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Starbucks

Too Big? Too Fat? Too Sweet? Too Distracted?

By Ronald Holden

Howard Schultz would not appreciate being compared with Donald Trump; he's not racist or bigoted or homophobic, but he does seem to bestride the planet with the self-confidence of a biblical prophet who believes he has found the true vision for humanity. Perhaps he has, but so great are the flaws in Schultz's self-invented narrative that one is forced to point at his feet of clay. Let's just take one example, the now-famous, oft-repeated story of Howard-in-Italy.

As Schultz tells the tale in his autobiography, "Pour Your Heart Into It," he travels to Milan in the early 1980s and sees first-hand, for the first time, that many Italians duck into caffès on their way to work for a quick espresso in the coffee shops and bars that line the streets of the city center. This experience convinces him that Italy has a "coffee culture," that Starbucks (that is, the early, six-store version of Starbucks he was then working for) "had missed the point," that Starbucks needed to "unlock the romance and mystery of coffee" that he had witnessed firsthand in Italy's coffee bars.

"It seemed so obvious," Schultz wrote in "Pour Your Heart Into It." But Starbucks had not missed the point; Schultz's version of events was a fabrication.

In fact, the story of Italy's romance with espresso was quite familiar by that time. I had first heard it from Gordon Bowker-the real founder of Starbucks-almost a decade earlier, in the 1970s. It was part of Bowker's basic elevator pitch for his fledgling company, a 20-second vignette to illustrate his conviction that the Italians were onto something with their coffee culture. Schultz had clearly heard it before. From Bowker. In fact, Schultz conveniently neglected to mention the identity of his tour guide on that trip to Italy: Gordon Bowker himself.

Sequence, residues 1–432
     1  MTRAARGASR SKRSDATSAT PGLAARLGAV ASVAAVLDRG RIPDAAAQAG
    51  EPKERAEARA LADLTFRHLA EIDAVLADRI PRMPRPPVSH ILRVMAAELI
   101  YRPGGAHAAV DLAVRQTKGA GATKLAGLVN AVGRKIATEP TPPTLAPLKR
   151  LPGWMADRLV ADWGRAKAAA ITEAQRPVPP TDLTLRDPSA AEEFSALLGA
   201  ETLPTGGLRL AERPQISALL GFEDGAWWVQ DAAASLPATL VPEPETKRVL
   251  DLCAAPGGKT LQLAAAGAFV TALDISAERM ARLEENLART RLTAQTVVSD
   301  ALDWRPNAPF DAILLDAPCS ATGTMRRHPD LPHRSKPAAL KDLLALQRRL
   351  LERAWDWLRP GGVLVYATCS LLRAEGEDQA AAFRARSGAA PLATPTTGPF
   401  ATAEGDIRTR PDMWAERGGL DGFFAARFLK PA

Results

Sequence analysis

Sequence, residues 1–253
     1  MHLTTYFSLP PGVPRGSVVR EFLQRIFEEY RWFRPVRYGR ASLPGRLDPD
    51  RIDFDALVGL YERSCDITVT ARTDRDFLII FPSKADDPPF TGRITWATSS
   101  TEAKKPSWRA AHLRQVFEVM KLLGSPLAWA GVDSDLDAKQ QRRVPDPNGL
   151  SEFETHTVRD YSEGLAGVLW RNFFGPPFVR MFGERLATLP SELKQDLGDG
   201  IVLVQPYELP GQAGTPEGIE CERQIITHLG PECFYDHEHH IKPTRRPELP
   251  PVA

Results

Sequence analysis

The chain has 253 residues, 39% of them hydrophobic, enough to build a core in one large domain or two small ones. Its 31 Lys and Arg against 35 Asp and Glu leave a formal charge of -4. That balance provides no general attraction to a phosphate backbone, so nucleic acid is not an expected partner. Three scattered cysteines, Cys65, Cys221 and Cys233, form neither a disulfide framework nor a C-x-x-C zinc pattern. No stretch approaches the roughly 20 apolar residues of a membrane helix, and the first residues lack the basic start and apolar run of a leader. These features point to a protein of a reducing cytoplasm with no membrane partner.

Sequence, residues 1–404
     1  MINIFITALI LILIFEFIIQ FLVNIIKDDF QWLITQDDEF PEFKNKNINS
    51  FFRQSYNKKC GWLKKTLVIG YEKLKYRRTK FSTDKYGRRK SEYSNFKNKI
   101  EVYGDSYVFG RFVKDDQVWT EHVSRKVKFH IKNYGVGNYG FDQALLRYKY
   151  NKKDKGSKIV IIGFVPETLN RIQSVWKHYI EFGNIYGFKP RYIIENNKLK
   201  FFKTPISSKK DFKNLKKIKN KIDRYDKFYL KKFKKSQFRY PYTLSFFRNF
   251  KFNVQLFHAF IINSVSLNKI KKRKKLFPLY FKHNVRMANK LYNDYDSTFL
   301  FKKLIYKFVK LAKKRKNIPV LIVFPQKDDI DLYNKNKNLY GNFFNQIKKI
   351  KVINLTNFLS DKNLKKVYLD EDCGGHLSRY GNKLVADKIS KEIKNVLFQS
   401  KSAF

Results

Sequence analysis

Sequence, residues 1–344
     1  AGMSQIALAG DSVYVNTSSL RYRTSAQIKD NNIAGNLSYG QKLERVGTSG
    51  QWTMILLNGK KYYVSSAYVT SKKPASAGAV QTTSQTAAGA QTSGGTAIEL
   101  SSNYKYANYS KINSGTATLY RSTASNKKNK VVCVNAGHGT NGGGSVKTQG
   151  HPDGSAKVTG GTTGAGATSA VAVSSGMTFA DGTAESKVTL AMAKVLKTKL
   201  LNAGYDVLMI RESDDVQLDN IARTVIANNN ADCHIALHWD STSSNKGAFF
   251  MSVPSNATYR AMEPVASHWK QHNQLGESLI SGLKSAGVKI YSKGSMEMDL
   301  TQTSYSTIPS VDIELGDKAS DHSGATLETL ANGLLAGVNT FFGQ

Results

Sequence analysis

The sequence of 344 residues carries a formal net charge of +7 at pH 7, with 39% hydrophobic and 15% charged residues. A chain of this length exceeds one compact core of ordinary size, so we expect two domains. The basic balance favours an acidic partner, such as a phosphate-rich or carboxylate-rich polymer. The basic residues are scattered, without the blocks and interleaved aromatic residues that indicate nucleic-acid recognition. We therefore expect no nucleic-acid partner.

"No one had ever mentioned this, no one in America knows," Schultz wrote. Utter and total bull feathers, Howard. I'm not saying you didn't see what you described, but "you didn't know"? That's a Trump-worthy rewriting of history.

Schultz had joined Starbucks from a perch as VP at Hammarplast, a Swedish housewares company. When he realized that Starbucks (a tiny outfit in far-off Seattle) was buying more drip-coffee makers than Macy's, he paid a call and decided to stay. But the founders didn't share Schultz's over-the-top enthusiasm and vision for Starbucks, so they soon sent him packing. Within a couple of years, they had a change of heart and asked him to return; his condition: that they sell him the whole company. It's none of my business, but I hope he paid them in stock, because the value of a single share has increased 250-fold since the company's IPO.

Now, we've known for some time that Starbucks has a thing for Italy. Italian names for its coffee cups (grande, venti), inaccurate or downright fake Italian words for its drinks ("latte" in Italian just means milk; there's no such thing as a Frappuccino). At the Reserve Roastery on Capitol Hill, there's a Solari board to display the day's lineup of specialty roasts. Aged Sumatra, Ethiopia Yirgacheffe Chelelektu, Paradeisi, Costa Rica Bella Vista, Nicaragua La Roca, Sun-Dried Ethiopia Limu. Its newest acquisition is a bakery in Milan called Princi.

***

Dare we say this about our hometown Lolita, growing up too fast before our eyes? That she's always trying on (and tossing aside) new outfits like a petulant and moody teenager? And where does she get the money? We don't dare ask; we're afraid it might involve sneaking out the upstairs window for furtive encounters with strangers.

Driving up East Madison late last year, we thought we spotted Uncle Howie sitting in the window at Healeo, a hippie health food spot (since closed), ingesting something he no doubt found nutritious, but he was gone by the time we found parking. We wanted to ask him: when did he make the decision that Starbucks should stop being a coffee company and start being a candy store?

While we're at it, we'd like to know if anyone has kept track: how many Global Concept Officers Howie has recruited, hired, trained, motivated, and sent out into the world to certain death? Do you know if they were slaughtered or eaten alive? Has anyone ever returned from that Global Heart of Darkness?

Photos by Ronald Holden

October 2016

Watch for Part 2 of Ronald Holden's Starbucks article in our November issue.


Ronald Holden's new book about Seattle's food ecosystem, FORKING SEATTLE, is now available from Amazon.com, http://amzn.to/2cr2RwJ , or for the Kindle download, http://amzn.to/2cJapgf


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